Moneta Gallery Coin Museum



Users 8,833
Photos 2,616
Comments 234
Views 10,071,186
Disk Space 248.3mb

SunMon TueWed ThuFri Sat
 123456
78910111213
14151617181920
21222324252627
28293031   

Moneta 1804
Zantetsuken 293
Chinacash 170
stretrader99z 122
jumanji 58

AthensTet.jpg
Athens Owl Tetradrac
Moneta

[ Greek ]
Phoen_BC.jpg
Phoenicia - Arados
Moneta

[ Greek ]
8112C028_SICILY_SYRACUSEBLK.jpg
SYRACUSE c. 415 B.C.
stretrader99z

[ Greek ]
small_PTOLEMY_IV_PHILOPATOR.jpg
PTOLEMY IV PHILOPATO
stretrader99z

[ Greek ]
Pampylia.jpg
Pamphylia - Aspendos
Moneta

[ Greek ]
db_file_img_167879_544x262.jpg
Phoenicia - Sidon Di
Moneta

[ Greek ]
· more ·

 

« Previous image · Next image »

Alexander III, The Great
Alexander III, The Great

Click on image to view larger image

« Previous image  · Slide Show · Next image »

Moneta



Registered: August 2005
Location: Arizona USA
Posts: 1,831
users gallery
Alexander the Great (336-323 B.C.) Ob: head of young Hercules r., clad in lion's skin; Rx. Zeus enthroned l., feet on stool, holding eagle and sceptre, the Greek word 'ALEXANDER' behind; beneath throne there's a pellet and an 'M' monogram; field under the eagle has an incomplete symbol, which may represent a bee. Weight is 17.2 gm & it's 24+mm in diameter.


Alexander the Great types were minted over a longer period of time than just during his lifetime. Many collectors prefer owning a known 'lifetime' issue. While having confidence that a particular coin is 100% lifetime is never assured there are certain characteristics that can bring it very close to a certainty:


1) Look for the parallel leg issues. Although I believe there are a handful of crossed leg issues struck just at the end of his lifetime,
the vast majority of crossed leg examples will be posthumous.


2) Look for issues without Basillios (Greek for King) in the inscription. Alexander
adopted that title late in his life, so there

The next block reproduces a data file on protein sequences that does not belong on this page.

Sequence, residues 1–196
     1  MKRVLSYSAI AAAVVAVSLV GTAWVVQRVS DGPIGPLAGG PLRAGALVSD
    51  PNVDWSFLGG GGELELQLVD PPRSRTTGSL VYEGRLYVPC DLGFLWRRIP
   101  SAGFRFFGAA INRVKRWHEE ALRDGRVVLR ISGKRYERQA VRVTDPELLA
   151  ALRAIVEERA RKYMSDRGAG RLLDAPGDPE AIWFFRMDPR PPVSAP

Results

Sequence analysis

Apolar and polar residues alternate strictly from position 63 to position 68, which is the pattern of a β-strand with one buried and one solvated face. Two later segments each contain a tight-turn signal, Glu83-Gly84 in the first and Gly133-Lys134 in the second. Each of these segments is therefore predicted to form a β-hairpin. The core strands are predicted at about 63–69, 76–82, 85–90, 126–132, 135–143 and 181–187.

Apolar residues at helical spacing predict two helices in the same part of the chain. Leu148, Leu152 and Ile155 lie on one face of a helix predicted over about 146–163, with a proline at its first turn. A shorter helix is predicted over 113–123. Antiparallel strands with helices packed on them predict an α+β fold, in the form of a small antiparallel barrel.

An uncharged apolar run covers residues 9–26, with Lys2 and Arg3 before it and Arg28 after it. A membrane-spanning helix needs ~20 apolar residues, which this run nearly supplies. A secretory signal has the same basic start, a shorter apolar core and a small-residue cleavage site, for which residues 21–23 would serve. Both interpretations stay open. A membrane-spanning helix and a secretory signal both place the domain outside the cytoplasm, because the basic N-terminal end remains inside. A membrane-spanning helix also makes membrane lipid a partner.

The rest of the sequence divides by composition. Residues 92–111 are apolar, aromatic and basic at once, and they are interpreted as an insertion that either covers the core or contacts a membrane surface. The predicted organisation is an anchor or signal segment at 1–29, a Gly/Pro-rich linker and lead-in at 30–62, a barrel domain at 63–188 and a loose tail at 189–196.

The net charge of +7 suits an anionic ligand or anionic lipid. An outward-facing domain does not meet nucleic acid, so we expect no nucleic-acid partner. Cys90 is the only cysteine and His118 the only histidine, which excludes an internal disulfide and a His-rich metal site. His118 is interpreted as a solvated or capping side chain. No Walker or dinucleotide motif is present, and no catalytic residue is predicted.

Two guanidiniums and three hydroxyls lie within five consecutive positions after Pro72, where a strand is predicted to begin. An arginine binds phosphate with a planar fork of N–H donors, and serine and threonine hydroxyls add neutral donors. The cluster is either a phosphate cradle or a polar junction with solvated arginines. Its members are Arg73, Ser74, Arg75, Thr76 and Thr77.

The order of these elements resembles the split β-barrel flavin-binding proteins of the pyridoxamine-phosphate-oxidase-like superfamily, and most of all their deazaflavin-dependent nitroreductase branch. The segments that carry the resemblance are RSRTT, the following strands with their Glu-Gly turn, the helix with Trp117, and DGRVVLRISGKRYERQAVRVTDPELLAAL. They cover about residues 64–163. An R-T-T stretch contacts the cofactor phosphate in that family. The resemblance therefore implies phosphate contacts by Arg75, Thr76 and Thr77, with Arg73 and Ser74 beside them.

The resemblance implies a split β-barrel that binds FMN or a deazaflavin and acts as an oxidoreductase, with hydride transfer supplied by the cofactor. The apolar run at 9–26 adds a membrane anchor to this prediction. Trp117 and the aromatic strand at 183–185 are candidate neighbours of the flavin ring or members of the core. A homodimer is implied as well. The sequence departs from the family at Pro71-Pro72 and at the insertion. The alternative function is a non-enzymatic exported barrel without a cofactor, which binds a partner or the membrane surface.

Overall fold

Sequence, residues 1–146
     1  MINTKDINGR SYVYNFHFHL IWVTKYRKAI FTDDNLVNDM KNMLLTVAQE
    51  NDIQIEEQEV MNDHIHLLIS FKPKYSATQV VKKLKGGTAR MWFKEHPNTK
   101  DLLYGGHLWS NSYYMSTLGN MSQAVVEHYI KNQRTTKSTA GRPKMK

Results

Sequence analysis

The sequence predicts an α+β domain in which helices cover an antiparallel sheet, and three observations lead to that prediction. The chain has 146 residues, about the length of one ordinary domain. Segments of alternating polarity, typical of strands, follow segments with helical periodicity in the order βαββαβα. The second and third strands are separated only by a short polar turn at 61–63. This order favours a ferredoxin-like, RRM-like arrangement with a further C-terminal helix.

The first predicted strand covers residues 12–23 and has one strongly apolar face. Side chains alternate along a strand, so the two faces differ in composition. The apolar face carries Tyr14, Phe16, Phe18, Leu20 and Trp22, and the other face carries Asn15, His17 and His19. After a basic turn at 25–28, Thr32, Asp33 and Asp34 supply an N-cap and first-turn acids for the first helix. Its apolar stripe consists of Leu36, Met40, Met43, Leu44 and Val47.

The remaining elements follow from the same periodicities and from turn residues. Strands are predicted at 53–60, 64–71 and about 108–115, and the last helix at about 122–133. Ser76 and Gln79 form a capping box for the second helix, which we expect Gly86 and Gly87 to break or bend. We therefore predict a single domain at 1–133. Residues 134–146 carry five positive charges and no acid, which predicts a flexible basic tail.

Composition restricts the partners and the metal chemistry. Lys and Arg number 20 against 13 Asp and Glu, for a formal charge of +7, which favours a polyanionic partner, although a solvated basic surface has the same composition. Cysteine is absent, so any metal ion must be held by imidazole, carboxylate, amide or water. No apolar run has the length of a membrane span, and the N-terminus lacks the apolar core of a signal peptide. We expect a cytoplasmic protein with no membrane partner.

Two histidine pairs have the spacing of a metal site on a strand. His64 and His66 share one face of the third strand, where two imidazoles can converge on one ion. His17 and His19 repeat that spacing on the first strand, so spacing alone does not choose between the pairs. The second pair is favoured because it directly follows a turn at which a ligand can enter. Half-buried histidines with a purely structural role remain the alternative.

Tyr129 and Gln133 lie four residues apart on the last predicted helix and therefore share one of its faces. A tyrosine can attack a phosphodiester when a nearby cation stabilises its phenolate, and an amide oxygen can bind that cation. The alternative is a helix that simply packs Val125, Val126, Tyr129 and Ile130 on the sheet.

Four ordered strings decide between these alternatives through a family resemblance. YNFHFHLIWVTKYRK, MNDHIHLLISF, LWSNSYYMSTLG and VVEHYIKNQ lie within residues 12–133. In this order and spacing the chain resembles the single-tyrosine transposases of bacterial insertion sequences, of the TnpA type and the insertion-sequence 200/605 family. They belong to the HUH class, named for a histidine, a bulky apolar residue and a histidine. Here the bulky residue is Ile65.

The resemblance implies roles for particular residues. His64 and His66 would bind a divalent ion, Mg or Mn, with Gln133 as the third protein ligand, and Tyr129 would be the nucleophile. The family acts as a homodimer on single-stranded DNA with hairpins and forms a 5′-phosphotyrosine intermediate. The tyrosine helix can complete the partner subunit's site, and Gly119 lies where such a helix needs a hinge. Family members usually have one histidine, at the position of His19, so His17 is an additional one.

are many lifetime issues with that inscription type, but the majority
are not. But keep in mind there are non Basillios inscription types that are latter, but most of those will be crossed leg types already eliminated.


3) Look for issues on small thick flans. Nearly all lifetime issues were on such flans, and virtually all broad flan types are later to much later.


4) Look for issues with fairly simple engraving on the lion's skin mane. Most of the ones with more elaborate mane's are later.


5) Tetradrachms having appreciably less mass than the Attic standard of 17.2 grams are much more likely to be posthumous issues.


So if you find a small thick flan, with a simple lion's mane, with parallel legs and without the Basillios inscription, it is most likely going to be a lifetime issue.


Articles to VIEW and DOWNLOAD:
An excellent article that features a story about the discovery of the only known living portrait coin that shows the image of lifetime portrait of Alexander the Great (not Herakles)is linked below. It's a MUST read!
Ptolemy's Egypt & Alexander's Portrait - Holt: [ link ]
Here's a very informative & illustrated paper on "The Spread of Coins in the Hellenistic World" by A. Meadows: [ link ]
Hellenistic Coin Portraiture - Sheedy: [ link ]
· Date: March 12, 2006 · Views: 11,953 · Filesize: 36.6kb, 64.2kb · Dimensions: 700 x 356 ·
Keywords: Alexander Great greek greece macedon

« more
8112C028_SICILY_SYRACUSEBLK.jpg
kings_of_macedonjpg.jpg
THISONEalexzeusBLACKBK.jpg
Larissa.jpg
Istros.jpg
Corinth.jpg
Taras.jpg
AthensTet.jpg
AthensObol.jpg
Antiochus.jpg
AlexTet.jpg
AlexDra.jpg
Agina.jpg
Darius.jpg
ptolemyrx.jpg


Photo Sharing Gallery by PhotoPost
Copyright © 2007 All Enthusiast, Inc.

No portion of this page, text, images or code, may be copied, reproduced, published or distributed in any medium without the expressed written permission of the copyright holder.